A couple weeks ago, I may have had a mid-life crisis and had this done:
It is my first tattoo, and I am entirely too old to be getting a first tattoo. And way too uncool. I’d like to tell you a little about the experience, but I will save that for the next post, as I must first tell you about the tattoo. It says “spemque metumque inter dubiis”, which is Latin for “hover between hope and fear”. It may sound nonsensical or inconsequential, but for me, that phrase holds a deeper meaning.
I spent much of 2005 on my mom’s couch. The summer after my first year of law school I developed constant abdominal pain and nausea, which may have been the catalyst for postural orthostatic tachycardia syndrome (POTS). There’s really no way to know.
I took a leave of absence from law school and moved back home to live my mom and (former) stepdad while I attended doctor’s appointments. It was a difficult year of my life. It was a very lonely time. My stepdad made it known he was tired of having me as a housemate. My law school friends forgot about me. I didn’t have the energy to see my long-time friends much, and it was hard to watch people my age having fun and being excited about new relationships. I wasn’t excited about much that year.
Most of my time was spent either napping on my mom’s couch or looking at books in the local public library. I read a lot that year. At some point in my reading, I came across a quote from Virgil’s The Aeneid: “spemque metumque inter dubiis.” I know it sounds overdramatic, but that was exactly what I needed to hear at that moment. My life was consumed by fear: that I would never get better, that I would never get back to my old life, and that I would spend the rest of my life on my mom’s couch, reading classic literature and medical journals and dreaming of meaning and social contact with the world.
When you’re nauseous and vomiting daily for months on end with no diagnosis in site, hope starts to feel unattainable. But Virgil’s words reminded me that I didn’t have to completely abandon fear and make the giant leap to hope, I just had to hover somewhere between them. Those four words may have saved my life, but at the very least, they helped me get off that couch.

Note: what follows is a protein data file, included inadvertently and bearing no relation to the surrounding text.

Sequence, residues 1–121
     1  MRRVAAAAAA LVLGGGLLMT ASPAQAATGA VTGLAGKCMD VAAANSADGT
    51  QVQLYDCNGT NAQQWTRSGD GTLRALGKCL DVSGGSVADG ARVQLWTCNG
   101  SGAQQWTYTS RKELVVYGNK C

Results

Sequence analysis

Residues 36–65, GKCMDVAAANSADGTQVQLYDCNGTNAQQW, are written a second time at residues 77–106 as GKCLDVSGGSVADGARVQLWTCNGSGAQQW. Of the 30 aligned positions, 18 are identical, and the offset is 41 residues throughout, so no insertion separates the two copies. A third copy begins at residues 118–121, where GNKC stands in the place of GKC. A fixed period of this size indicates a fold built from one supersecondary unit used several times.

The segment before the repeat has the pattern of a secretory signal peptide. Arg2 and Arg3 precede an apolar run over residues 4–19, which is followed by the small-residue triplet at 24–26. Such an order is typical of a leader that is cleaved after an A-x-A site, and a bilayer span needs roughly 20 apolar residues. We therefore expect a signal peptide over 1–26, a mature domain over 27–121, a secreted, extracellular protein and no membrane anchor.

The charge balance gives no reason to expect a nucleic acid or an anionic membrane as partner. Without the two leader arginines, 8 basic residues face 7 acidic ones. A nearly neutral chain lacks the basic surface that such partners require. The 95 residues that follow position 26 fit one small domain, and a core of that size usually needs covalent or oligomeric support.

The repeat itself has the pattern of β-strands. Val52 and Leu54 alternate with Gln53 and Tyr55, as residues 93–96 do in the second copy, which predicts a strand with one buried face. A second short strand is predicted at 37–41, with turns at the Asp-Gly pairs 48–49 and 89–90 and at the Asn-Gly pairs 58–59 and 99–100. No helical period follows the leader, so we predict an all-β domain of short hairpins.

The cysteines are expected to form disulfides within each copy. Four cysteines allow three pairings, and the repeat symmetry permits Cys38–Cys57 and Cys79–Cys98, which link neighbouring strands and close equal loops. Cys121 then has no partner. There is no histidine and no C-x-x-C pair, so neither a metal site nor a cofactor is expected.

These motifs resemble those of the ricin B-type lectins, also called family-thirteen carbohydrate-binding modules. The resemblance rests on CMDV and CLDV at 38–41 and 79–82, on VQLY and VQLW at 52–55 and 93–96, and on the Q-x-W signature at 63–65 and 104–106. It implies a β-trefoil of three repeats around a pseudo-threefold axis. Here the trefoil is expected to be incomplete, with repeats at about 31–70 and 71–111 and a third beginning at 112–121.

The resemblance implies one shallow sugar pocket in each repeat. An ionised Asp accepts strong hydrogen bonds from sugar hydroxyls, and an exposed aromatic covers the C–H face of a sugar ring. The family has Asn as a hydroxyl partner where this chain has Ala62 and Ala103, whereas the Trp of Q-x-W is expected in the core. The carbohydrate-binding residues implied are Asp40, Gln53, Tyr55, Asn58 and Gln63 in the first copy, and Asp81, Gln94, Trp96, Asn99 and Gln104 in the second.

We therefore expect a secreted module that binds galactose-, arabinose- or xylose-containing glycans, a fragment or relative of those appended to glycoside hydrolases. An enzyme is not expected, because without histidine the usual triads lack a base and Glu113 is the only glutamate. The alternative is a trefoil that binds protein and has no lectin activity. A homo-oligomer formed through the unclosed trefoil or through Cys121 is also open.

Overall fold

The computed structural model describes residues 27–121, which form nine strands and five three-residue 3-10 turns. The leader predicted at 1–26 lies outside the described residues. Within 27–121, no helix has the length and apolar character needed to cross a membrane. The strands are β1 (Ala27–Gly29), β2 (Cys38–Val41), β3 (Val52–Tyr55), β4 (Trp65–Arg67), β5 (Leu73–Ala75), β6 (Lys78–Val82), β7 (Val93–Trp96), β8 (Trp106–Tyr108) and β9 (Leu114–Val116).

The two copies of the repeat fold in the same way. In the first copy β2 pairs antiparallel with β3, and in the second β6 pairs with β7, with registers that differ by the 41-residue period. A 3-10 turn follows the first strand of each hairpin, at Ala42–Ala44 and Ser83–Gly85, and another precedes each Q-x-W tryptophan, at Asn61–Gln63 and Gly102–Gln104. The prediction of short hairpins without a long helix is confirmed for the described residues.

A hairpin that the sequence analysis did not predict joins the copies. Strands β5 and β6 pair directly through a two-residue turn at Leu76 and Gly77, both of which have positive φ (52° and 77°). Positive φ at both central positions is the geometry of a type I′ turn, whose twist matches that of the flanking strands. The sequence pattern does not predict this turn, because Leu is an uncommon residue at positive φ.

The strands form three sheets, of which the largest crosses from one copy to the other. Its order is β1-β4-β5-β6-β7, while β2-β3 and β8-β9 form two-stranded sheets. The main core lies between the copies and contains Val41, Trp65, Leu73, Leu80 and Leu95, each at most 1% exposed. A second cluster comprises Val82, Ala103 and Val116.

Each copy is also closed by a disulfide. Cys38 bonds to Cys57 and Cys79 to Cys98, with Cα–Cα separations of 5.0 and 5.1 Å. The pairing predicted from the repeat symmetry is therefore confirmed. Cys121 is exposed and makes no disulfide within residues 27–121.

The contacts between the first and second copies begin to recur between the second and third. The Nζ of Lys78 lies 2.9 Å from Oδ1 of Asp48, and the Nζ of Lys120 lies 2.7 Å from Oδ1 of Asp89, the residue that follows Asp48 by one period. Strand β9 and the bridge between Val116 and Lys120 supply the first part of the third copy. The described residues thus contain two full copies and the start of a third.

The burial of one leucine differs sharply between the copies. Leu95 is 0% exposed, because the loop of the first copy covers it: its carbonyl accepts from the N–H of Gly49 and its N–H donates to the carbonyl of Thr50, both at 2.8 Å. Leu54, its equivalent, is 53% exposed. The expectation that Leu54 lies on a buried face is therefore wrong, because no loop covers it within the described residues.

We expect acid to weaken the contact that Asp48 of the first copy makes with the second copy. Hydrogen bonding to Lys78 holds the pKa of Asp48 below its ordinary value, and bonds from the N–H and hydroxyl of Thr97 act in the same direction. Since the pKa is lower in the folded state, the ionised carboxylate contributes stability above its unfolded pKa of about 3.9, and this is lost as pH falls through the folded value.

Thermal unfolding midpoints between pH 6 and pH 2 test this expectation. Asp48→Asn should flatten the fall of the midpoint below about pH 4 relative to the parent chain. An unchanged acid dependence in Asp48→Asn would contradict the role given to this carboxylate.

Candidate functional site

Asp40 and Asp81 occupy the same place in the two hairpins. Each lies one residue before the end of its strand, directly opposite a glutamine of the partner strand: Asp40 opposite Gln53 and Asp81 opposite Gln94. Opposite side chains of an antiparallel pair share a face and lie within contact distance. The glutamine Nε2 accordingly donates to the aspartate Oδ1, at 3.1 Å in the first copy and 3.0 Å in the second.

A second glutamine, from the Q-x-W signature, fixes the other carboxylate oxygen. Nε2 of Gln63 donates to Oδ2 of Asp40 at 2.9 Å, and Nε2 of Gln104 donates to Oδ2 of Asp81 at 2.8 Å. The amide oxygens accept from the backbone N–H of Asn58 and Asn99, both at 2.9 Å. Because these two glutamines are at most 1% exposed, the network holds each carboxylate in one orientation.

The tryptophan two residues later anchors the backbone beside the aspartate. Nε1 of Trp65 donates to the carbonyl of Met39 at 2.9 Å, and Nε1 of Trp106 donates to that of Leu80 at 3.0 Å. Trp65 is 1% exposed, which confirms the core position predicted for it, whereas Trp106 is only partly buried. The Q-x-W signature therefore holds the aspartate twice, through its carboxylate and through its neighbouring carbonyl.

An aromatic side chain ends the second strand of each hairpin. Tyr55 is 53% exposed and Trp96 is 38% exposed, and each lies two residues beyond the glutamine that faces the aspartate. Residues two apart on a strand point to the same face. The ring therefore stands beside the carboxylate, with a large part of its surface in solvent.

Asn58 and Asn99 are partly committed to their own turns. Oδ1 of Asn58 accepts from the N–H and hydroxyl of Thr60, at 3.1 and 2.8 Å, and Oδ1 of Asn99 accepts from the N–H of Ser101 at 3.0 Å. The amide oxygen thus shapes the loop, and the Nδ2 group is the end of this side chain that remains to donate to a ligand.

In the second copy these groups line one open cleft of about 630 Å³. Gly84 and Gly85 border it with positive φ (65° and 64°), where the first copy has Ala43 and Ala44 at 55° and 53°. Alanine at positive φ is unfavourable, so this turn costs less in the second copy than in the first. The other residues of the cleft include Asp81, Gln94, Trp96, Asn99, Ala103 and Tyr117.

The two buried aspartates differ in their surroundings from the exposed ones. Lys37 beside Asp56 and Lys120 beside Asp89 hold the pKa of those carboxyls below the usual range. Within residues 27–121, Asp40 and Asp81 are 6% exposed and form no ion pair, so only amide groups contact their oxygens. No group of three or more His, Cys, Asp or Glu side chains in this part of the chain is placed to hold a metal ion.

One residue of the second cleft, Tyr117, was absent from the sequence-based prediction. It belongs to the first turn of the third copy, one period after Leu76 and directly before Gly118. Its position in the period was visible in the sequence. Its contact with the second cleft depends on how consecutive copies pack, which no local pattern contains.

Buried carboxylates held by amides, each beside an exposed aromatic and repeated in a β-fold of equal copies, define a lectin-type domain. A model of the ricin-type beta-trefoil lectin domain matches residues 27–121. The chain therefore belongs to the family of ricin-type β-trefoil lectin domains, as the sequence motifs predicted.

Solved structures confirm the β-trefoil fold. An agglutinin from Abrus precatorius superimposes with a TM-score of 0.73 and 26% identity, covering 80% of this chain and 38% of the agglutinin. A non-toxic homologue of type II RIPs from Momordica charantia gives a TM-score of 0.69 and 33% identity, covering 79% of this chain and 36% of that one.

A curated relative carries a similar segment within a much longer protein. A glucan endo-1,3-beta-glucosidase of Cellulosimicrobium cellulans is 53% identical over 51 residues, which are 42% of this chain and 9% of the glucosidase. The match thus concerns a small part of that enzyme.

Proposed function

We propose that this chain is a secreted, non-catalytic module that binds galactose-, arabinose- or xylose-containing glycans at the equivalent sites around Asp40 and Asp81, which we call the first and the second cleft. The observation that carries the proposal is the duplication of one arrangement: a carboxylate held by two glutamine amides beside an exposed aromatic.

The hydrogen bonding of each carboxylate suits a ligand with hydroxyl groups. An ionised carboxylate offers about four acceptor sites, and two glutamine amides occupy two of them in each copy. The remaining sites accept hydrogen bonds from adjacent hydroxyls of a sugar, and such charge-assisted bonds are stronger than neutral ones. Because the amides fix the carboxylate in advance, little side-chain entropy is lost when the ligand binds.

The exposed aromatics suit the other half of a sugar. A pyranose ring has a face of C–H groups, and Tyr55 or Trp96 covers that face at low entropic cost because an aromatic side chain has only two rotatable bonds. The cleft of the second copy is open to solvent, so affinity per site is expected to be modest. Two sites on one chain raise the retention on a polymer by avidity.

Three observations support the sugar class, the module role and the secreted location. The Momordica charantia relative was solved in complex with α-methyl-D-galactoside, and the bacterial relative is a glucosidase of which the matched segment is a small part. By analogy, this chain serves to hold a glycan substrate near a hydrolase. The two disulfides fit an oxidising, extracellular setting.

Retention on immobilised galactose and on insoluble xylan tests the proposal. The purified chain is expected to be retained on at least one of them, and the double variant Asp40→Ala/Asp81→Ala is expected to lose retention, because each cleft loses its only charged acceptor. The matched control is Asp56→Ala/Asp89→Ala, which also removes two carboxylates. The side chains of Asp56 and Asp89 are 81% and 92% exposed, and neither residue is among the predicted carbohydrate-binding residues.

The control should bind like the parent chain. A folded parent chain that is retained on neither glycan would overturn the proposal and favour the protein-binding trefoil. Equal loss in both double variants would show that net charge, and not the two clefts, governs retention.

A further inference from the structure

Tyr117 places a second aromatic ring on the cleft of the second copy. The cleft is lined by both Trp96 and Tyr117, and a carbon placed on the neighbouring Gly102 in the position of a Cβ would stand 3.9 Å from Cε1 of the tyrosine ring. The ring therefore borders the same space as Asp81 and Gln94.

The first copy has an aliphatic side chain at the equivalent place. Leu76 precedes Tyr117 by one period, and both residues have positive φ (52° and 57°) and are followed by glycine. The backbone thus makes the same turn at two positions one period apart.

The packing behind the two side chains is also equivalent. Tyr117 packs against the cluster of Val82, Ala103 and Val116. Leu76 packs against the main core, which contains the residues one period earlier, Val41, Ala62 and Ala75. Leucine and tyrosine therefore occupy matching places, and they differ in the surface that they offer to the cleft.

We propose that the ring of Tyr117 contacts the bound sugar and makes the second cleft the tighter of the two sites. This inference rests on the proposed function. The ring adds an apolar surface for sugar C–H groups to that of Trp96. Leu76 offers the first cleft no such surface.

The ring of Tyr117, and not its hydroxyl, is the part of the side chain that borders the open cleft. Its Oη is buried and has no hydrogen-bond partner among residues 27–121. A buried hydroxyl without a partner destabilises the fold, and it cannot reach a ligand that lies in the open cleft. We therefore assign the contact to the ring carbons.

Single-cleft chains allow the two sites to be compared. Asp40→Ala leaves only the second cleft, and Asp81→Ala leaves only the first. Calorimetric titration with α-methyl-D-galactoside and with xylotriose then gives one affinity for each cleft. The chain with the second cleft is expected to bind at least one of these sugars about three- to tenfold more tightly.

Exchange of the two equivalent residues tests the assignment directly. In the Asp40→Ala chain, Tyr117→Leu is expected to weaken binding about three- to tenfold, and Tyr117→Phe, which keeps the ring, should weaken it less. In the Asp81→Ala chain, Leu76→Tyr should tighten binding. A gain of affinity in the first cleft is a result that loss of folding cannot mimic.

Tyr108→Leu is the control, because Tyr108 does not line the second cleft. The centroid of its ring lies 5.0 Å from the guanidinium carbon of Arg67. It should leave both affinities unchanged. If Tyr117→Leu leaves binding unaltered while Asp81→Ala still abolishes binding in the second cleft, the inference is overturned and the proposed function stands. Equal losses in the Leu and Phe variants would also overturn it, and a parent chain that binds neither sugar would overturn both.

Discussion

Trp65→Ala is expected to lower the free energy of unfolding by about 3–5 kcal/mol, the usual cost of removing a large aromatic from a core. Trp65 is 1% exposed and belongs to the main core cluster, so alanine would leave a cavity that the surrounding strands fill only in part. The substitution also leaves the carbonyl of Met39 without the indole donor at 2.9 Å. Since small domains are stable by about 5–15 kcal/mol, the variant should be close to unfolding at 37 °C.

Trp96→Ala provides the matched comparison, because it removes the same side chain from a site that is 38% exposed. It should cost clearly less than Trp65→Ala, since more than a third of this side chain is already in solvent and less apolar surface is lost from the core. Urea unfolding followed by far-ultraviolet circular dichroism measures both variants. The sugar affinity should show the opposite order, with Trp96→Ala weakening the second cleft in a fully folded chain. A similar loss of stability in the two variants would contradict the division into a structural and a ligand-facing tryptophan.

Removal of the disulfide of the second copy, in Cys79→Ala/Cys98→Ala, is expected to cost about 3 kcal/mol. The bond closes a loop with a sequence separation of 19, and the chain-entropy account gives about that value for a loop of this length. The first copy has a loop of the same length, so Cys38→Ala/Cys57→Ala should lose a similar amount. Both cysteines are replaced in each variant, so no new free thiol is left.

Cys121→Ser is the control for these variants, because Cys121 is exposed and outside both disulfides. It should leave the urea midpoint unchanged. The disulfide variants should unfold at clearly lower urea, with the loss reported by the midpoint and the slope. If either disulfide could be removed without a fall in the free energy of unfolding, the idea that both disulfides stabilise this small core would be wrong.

And, it has continued to be my motto over the past 12 years. Since I developed POTS, I am afraid more often than I would like. Anytime I go anywhere with a line, I’m afraid I’m going to faint. I’m afraid of what people will do to me or my belongings while I’m unconscious. And I’m afraid the stress on my heart from POTS will impact my life expectancy. I was even afraid of how POTS would affect getting a tattoo.
Although I had planned on getting this tattoo for a while, it actually serves a purpose. My right arm is my blood draw/infusion arm. Most of the time phlebotomists can get a clean puncture, but not every time. I once had a nurse take blood from a vein in my foot because she blew veins in both arms. Because my veins roll, and because every vein puncture is a reminder that I’m not well, I get about a half second of anxiety right before my vein is punctured. The tattoo gives me something to focus on and serves as a pep talk, reminding me that I can do this, that I have been through worse, that it is okay to be afraid, and that I don’t have to hold on to grandeur expectations of hope. I just have to balance it with the fear.
I’d love to tell you that I live a fearless life, but I don’t. But I subscribe to Mark Twain’s viewpoint that “Courage is not the absence of fear; it is acting in spite of it”. So until I am able to eliminate all fear, I will continue to be grateful that my fear provides opportunities to be courageous.
“Everything you want is on the other side of fear.” – Jack Canfield
Friends, if you have a tattoo, I’d love to hear about your experience.
Smell ya later.